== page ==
Desmond Devnich, former constituency assistant to Chilliwack MLA John Martin, pleaded guilty to two counts of breach of trust in provincial court on Oct. 6, 2020 for stealing thousands of dollars from the constituency office. He was scheduled to be sentenced on March 31, 2021. (LinkedIn)

Desmond Devnich, former constituency assistant to Chilliwack MLA John Martin, pleaded guilty to two counts of breach of trust in provincial court on Oct. 6, 2020 for stealing thousands of dollars from the constituency office. He was scheduled to be sentenced on March 31, 2021. (LinkedIn)

UPDATE: Former Chilliwack constituency assistant who stole more than $113,000 sentenced

Desmond Devnich, 30, handed a two-year conditional sentence and ordered to repay all stolen money

Former Chilliwack MLA John Martin’s constituency assistant Desmond Devnich stole more than $100,000 from Martin’s office “trying to fit in where I couldn’t.”

That was part of the opening statements by Crown counsel at Devnich’s sentencing hearing Wednesday (March 31) morning in provincial court in Chilliwack.

Devnich pleaded guilty to two counts of breach of trust by a public officer on Oct. 6, 2020.

Between July 2013, when Devnich was hired by Martin as his constituency assistant (CA), and February 2017, Devnich e-transferred more than $100,000 to himself and spent more than $12,000 on the constituency office credit card for personal purposes.

In total, Devnich stole $113,964.22 from the constituency office over three years and eight months. The money in constituency office bank accounts does not come from the MLA or the party, but comes from public funds.

The 30-year-old Devnich wore a black suit, black shoes, and black face mask as he listened to the proceedings in courtroom 203 on Wednesday.

• READ MORE: Chilliwack MLA John Martin’s constituency assistant fired after admitting to misappropriating money

• READ MORE: Chilliwack MLA’s former constituency assistant charged with fraud, breach of trust

The court also heard that the young man had no history of such behaviour, and certainly no criminal record.

“He’s got no background of this kind of conduct at all.”

Crown also read from a transcript of an interview with an RCMP officer at his lawyer’s office where Devnich said he treated the transfers of funds as loans, and that he wanted to pay back the money to pay for a lifestyle. But at one point “one lie was covering another lie and it got more complicated.”

“I was trying to maintain a lifestyle that I thought was appropriate to the job,” Devnich said in his statement. “It was a very social lifestyle in that I attended a lot of community events…. I was living beyond my means. Most definitely I very wrongfully took money by electronic transfer from constituency bank accounts to supplement my existence.”

Devnich’s lawyer Martin Finch painted a picture of a young man from humble circumstances who was doing his best to fit into social circles and political spheres where he was unaccustomed.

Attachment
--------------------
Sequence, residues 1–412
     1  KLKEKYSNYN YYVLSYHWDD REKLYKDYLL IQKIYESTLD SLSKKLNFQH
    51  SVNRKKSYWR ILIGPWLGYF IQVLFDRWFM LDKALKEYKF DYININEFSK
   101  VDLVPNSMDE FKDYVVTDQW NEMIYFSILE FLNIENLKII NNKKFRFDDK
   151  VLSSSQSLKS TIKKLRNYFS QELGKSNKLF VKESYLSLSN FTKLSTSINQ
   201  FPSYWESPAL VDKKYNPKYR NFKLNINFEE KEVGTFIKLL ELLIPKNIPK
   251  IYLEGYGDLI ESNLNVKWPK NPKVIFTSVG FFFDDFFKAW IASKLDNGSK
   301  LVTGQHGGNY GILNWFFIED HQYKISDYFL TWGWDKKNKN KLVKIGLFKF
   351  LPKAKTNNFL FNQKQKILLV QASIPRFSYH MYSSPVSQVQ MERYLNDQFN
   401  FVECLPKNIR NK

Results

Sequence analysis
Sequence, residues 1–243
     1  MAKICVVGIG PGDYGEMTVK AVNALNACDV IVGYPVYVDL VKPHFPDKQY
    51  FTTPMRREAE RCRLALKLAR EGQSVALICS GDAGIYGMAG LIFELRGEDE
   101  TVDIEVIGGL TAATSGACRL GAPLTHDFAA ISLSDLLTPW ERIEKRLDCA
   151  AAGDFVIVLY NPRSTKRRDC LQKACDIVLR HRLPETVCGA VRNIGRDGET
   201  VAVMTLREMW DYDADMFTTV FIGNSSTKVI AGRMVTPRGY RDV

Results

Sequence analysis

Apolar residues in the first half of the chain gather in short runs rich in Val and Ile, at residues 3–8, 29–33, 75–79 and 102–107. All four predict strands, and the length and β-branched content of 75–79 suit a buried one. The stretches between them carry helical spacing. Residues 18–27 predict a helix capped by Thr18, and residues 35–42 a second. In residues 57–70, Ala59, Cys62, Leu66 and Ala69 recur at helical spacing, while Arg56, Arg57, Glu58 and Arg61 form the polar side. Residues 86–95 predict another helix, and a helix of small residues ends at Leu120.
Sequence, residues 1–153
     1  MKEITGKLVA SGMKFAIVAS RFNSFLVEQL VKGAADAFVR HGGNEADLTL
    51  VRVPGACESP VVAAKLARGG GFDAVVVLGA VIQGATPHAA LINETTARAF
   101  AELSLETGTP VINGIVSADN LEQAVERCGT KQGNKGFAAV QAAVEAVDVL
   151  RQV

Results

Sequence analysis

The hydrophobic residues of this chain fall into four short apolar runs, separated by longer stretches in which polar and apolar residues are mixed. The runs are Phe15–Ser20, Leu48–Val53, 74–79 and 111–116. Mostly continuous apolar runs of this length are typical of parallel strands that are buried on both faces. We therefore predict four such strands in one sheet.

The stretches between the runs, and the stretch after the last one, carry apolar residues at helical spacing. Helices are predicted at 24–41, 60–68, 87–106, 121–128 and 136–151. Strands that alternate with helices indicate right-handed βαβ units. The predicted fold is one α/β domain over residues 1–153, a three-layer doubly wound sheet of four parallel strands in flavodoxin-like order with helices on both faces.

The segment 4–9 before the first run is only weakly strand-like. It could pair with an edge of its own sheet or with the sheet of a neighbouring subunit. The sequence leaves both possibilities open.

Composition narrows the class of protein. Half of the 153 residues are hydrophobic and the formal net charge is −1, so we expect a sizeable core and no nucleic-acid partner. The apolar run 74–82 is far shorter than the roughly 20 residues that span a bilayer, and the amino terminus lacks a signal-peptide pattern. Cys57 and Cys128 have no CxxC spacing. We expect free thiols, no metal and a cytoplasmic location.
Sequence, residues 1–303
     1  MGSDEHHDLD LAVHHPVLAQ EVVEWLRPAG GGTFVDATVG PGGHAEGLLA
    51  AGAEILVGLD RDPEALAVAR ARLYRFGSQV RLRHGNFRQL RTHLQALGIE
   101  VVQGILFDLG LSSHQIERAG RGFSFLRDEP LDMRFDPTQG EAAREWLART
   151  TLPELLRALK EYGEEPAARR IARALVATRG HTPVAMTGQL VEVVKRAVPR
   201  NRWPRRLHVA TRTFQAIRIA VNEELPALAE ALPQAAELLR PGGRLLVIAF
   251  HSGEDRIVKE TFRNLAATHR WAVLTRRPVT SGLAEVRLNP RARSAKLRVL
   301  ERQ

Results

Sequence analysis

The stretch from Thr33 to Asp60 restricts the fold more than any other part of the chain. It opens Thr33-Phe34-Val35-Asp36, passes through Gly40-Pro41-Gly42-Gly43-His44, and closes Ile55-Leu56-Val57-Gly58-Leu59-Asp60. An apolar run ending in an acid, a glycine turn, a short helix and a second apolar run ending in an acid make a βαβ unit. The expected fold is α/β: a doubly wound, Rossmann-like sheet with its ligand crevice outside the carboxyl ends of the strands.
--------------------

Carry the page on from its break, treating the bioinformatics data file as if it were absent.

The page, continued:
“There is an expression, a phrase: He got too far ahead of his skis,” Finch said. “Going too far too fast. That is indeed what I say happened here. He was a young man, he was 22 and 26 [when the offences took place] and he had limited experience and was much more full of enthusiasm than he was of ability when he took on the work for Mr. Martin.”

Finch said Devnich was using money to purchase clothing, furniture, services, restaurant meals because “he believed the need to present himself in a fashion that was consistent to those levels of sophistication.”

He wanted to be “the man about town.”

Devnich’s e-transfers and fraudulent credit card use came to an end when, in June 2016, the government finally began financial oversight into constituency office accounts. Required to reconcile accounts monthly, Devnich could not and by January he was in the crosshairs of the top financial agent for the provincial government.

By February, he confessed to all of it in Finch’s office when interviewed by police.

Devnich was also charged with overlapping counts of fraud over $5,000, charges that were dropped after he entered the guilty pleas.

Under section 122 of the criminal code, breach of trust by a public officer is an indictable offence a conviction for which comes with a term of imprisonment up to five years.

Finch told the court he is asking for the judge to hand down a conditional sentence of two years less a day with certain conditions, including a curfew with exceptions to attend employment, university classes, church, medical appointments, groceries and a period of time outside each day.

He is also asking the judge to order counselling, 240 hours of community service, and restitution of the full amount, $113,964.22, followed by another three years of probation in order to finish the community service.

Crown counsel indicated it was not opposed to a conditional sentence.

The sentencing hearing, which included an extensive agreed statement of facts, was held Wednesday and the presiding judge agreed with submissions and sentenced Devnich accordingly.


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